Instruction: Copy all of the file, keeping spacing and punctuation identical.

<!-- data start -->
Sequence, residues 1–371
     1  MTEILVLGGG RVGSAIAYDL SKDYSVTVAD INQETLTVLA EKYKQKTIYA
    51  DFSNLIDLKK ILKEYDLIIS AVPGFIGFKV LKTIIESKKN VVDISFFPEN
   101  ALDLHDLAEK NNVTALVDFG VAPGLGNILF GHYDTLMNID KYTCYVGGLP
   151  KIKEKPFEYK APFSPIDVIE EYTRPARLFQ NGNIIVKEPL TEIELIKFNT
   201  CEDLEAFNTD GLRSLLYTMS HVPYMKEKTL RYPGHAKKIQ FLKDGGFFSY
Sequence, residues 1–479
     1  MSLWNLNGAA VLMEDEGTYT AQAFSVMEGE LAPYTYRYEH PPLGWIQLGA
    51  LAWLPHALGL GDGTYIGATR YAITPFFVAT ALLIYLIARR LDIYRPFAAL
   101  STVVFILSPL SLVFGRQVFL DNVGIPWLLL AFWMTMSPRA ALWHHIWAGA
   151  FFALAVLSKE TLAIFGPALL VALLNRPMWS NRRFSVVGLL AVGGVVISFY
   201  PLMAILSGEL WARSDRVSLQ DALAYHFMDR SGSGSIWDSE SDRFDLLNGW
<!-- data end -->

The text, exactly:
Sequence, residues 1–371
     1  MTEILVLGGG RVGSAIAYDL SKDYSVTVAD INQETLTVLA EKYKQKTIYA
    51  DFSNLIDLKK ILKEYDLIIS AVPGFIGFKV LKTIIESKKN VVDISFFPEN
   101  ALDLHDLAEK NNVTALVDFG VAPGLGNILF GHYDTLMNID KYTCYVGGLP
   151  KIKEKPFEYK APFSPIDVIE EYTRPARLFQ NGNIIVKEPL TEIELIKFNT
   201  CEDLEAFNTD GLRSLLYTMS HVPYMKEKTL RYPGHAKKIQ FLKDGGFFSY
Sequence, residues 1–479
     1  MSLWNLNGAA VLMEDEGTYT AQAFSVMEGE LAPYTYRYEH PPLGWIQLGA
    51  LAWLPHALGL GDGTYIGATR YAITPFFVAT ALLIYLIARR LDIYRPFAAL
   101  STVVFILSPL SLVFGRQVFL DNVGIPWLLL AFWMTMSPRA ALWHHIWAGA
   151  FFALAVLSKE TLAIFGPALL VALLNRPMWS NRRFSVVGLL AVGGVVISFY
   201  PLMAILSGEL WARSDRVSLQ DALAYHFMDR SGSGSIWDSE SDRFDLLNGW